Taking Action to Address Transit Inequality
Poverty Reduces Cognitive Capacity
The fact that poverty makes life harder is hardly news, but the science that shows how poverty reduces cognitive capacity is. The accompanying infographic below shows the correlation – poverty consumes mental resources, which reduces IQ and leaves less capacity for other tasks.
Two of my nieces were a week away from college finals. Both were talking about late nights, and mind-diminishing fatigue, and both took heart in the fact that it was only a temporary condition. Harvard Economist, Sandhil Mullainathan, says: “Poverty is the equivalent of pulling an all-nighter. Picture yourself after an all-nighter. Being poor is like that every day”. I would further say: Imagine being a single Mom with two children, the youngest of which has a serious medical condition. Then imagine not knowing how you will purchase the medications for your child and food for the upcoming week. Or how you will explain to your older child why you can’t buy school pictures this year.
Raising a family is hard work, doing it on the mental capacity equivalent to pulling an all-nighter, inconceivable. The Social Work Degree Center infographic also shows that more than half of us will live in poverty at some point before we are age 65, and woman and children experience the greatest poverty. Currently, in Washington, 1 in 5 children live below the poverty line. Poverty isn’t the struggle of a few in our country; it is the reality of many.
This past spring, WithinReach Chief Program Officer Sharon Beaudoin spoke on a CityClub panel about the effects of poverty on health. More importantly, Sharon and fellow panelists, Ben Danielson, MD, (Odessa Brown Children’s Clinic), Gordon McHenry (Solid Ground), and Sam Whiting (Thrive By Five) talked about what we can do to support families living in poverty, how we can change the picture. The conversation was many-sided.
The first step to changing this reality is being aware of how poverty affects millions of families every day. Despite operating with limited capacity due to poverty, social injustice, health inequity, lack of access and more, Dr. Danielson was quick to remind us that the families we serve everyday are strong and resourceful. Let’s keep the conversation going, and make the connections Washington families need to be healthy!
Balancing the Budget & Tough Choices Families Make Everyday
Olympia managed to avert a budget crisis, much to the relief of Washington citizens and many lawmakers. It took months of work, negotiations and two special sessions to come up with a final budget that our legislators could agree to. During the process, furlough notices were sent to workers whose employment depended on state funding. Single parents that relied on childcare subsidies scrambled to make arrangements under already difficult circumstances. Pregnant women, caregivers and parents wondered if they might get the aid that goes a long way in providing much needed nutrition for their families. During these last two weeks of budget negotiations the word “budget” seemed to be at the forefront of everyone’s mind. At WithinReach we worried what the looming government shutdown could mean for the most vulnerable families we work with.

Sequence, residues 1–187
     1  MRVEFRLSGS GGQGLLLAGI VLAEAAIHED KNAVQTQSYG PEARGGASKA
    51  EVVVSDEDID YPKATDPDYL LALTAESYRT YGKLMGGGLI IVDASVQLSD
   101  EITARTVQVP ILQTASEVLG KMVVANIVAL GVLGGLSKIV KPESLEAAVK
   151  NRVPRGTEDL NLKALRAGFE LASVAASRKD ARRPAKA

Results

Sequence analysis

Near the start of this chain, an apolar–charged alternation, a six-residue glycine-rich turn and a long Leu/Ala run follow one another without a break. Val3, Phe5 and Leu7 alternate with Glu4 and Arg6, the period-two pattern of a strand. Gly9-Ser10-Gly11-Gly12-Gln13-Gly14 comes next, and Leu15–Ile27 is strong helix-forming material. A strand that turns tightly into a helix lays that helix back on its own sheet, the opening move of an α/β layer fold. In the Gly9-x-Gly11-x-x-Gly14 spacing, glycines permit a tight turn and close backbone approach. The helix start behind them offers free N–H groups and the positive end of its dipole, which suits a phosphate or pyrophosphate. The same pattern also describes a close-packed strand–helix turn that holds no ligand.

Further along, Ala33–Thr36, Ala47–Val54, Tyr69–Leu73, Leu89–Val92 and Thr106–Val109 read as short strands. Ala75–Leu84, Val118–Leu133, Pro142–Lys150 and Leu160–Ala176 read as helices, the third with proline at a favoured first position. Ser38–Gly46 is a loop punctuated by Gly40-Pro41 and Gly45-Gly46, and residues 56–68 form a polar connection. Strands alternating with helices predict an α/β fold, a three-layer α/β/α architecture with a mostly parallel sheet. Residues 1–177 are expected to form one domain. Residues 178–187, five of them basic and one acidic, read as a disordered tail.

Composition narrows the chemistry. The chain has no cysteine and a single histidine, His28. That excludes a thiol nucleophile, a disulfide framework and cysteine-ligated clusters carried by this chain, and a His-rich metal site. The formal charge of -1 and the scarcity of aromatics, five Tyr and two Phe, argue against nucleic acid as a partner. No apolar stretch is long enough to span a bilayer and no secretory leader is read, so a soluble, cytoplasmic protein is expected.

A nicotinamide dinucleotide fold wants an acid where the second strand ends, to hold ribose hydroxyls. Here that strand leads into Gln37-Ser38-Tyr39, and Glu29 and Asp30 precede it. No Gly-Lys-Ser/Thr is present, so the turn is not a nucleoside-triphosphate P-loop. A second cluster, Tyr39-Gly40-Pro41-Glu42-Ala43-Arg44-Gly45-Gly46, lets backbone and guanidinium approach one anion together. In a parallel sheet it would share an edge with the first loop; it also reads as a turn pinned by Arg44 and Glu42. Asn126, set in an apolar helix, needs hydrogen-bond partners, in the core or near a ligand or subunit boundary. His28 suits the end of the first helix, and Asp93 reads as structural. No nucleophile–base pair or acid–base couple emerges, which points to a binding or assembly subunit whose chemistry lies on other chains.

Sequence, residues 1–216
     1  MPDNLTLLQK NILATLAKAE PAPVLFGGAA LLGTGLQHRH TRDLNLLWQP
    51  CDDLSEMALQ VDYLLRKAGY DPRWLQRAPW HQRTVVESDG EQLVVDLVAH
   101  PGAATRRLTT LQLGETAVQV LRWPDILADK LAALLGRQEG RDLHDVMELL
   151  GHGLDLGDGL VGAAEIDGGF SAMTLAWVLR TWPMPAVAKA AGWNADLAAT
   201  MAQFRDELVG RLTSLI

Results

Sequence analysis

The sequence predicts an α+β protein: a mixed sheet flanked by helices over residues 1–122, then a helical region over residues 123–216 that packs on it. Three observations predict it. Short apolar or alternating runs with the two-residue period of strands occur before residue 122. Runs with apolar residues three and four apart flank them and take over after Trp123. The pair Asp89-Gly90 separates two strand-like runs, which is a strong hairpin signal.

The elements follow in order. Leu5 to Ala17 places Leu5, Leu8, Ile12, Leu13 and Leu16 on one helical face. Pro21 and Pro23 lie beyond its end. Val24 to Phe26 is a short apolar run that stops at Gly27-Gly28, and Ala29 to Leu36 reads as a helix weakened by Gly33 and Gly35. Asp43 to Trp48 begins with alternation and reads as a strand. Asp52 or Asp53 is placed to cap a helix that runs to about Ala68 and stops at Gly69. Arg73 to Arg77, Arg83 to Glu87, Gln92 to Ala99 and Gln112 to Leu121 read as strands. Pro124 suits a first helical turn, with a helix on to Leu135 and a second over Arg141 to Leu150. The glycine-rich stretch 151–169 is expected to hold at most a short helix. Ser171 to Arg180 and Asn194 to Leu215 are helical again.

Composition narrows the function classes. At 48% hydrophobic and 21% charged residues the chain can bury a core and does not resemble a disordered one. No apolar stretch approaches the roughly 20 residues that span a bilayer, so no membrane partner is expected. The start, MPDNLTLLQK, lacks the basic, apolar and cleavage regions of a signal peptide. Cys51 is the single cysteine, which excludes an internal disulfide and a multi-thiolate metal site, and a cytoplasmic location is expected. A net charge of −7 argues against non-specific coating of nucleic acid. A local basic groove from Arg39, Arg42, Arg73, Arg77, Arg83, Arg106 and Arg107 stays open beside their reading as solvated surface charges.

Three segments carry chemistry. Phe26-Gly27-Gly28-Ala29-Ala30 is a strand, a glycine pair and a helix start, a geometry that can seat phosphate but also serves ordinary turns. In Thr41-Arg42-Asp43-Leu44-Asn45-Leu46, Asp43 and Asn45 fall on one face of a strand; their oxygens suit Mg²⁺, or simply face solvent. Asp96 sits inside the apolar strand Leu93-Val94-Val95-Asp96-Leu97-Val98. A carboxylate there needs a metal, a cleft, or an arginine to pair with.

We were relieved when we learned a budget passed and a government shutdown avoided. Unfortunately, these feelings of accomplishment and relief did not come to all. There are thousands of families in Washington that are not able to balance their household budgets and provide their families with basic needs. At the WithinReach Family Health Hotline, we talk to these families every day. These families make concessions and choices about what to fund and what to forgo on a daily basis. These are hard choices. Pay the rent or feed the family? They choose to find a way, and sometimes they ask for help.
The families we talk to want to know that they are doing everything in their power to keep their children on track. They want to provide enough food for their children so that they have the necessary nutrition to focus and do well in school. They want their children to receive health insurance so that they will not have to forgo medical care or be strapped with huge hospital bills. They want for their children what we believe all children deserve—access to healthy food and quality health care. The recent budget passing helped to remind us of the important role these government benefit programs serve in the lives of families throughout Washington. They truly help to lessen the financial struggles of families and help parents breathe easier knowing their children have what they need to be healthy. We are happy to answer those phone calls, and help to alleviate the tough choices that many of those families are forced to make every day.
Summer Meals: Free Meals for Kids all Summer
Q and A with St. Leo Food Connection Director, Kevin Glackin-Coley
Q: What is the Summer Meals program?
A: For the parents of the 467,279 Washington schoolchildren who receive free or reduced price school meals, summer can be a time of struggle as they stretch available dollars to cover the gap left by school meals. The Summer Meals Program helps by providing free nutritious meals and snacks to kids and teens during the summer months. Summer meal sites are located in schools, recreation centers, community-based organizations, faith-based organizations, and camps. The program begins at the end of the school year, and ends in the fall when school begins. All kids and teens (18 years old and younger) are eligible for the program, regardless of income.